Meridian Mountain
Former Lookouts
Elevation: 2,160+ feet (Also shown as 2,149 feet)
Prominence: 881 feet
Distance & Gain: Drive-up

Meridian Mountain

Former Washington Fire Lookouts
Named for the Willamette Meridian which runs just feet from the summit, this low elevation mountain has a good road system up to the summit area. The Meridian Mountain lookout was built in 1942. It was a 40 foot pole tower with a 7 x 7 foot cab on top. At the base was a house. This lookout was destroyed in 1963 during the Columbus Day storm. The view today is blocked by tree cover. There is a large amount of garbage left at the top from hunting camps so it is hard to find lookout remnants. A reference benchmark (Meridian RM 2) is at the edge of the opening but the main benchmark it points to is hidden in the tall grass.
Roads go to within feet of the lookout site but you will need a St. Helens Tree Farm Permit to be legal. A short spur road blocked with a trench leads to the open site (see map). The highest point of the mountain seems to be on the other side of the road, an easy walk through the trees, although other contours are of equal height.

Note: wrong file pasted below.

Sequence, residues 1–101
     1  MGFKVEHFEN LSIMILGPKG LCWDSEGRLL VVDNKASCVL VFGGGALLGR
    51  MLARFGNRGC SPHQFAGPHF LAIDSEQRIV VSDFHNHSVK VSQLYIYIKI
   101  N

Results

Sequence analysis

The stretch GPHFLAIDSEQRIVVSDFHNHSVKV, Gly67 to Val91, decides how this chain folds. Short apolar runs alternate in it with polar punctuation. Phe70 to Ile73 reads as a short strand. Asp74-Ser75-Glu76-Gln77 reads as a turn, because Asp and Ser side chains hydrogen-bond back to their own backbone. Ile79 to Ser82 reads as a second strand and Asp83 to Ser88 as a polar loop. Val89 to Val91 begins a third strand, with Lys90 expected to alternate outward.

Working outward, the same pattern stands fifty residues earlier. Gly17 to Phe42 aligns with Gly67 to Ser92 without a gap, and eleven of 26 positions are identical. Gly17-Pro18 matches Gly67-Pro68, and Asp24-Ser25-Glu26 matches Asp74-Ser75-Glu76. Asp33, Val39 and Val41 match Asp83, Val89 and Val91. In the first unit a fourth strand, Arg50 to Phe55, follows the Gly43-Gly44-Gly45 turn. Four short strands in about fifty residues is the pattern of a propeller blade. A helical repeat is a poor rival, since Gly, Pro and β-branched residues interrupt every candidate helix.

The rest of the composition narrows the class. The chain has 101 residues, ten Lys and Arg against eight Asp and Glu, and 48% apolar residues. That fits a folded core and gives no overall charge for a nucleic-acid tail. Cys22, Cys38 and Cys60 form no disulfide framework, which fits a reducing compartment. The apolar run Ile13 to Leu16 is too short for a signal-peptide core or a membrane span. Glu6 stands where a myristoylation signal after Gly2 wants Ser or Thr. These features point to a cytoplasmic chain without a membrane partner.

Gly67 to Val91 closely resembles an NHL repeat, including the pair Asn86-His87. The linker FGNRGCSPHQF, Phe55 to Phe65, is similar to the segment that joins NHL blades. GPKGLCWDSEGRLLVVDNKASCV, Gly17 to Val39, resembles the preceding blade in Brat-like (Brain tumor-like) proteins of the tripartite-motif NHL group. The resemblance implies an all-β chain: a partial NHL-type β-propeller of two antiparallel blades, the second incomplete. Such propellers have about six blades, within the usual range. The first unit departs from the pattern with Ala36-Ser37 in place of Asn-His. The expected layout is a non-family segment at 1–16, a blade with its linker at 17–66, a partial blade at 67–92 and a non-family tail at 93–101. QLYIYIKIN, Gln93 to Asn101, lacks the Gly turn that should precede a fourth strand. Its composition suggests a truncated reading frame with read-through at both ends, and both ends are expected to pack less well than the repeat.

Meridian Mountain map Meridian Mountain Meridian Mountain
Meridian Mountain from the north
Meridian Mountain meridian benchmark meridian lookout Meridian Mountain weyerhaeuser tree farm fire ring toilet toilet stove pipe Meridian
Road up Meridian Mountain
View 1/2 mile NE of the summit
View 1/2 mile NE of the summit looking east
Lookout site
Reference benchmark
Bathroom option two
Stovepipe from unknown
Fire ring from campers at summit
You can see the tall timber surrounding the summit was cut at a different time and is on a different harvest rotation. In several years, the views will be back.
1953 USGS map showing the Meridian LO and historic Hemlock Pass
1943 Pigeon Springs map showing a lookout on Meridian Mountain
Do not confuse with Meridian Hill, an AWS site to the north just east of Centralia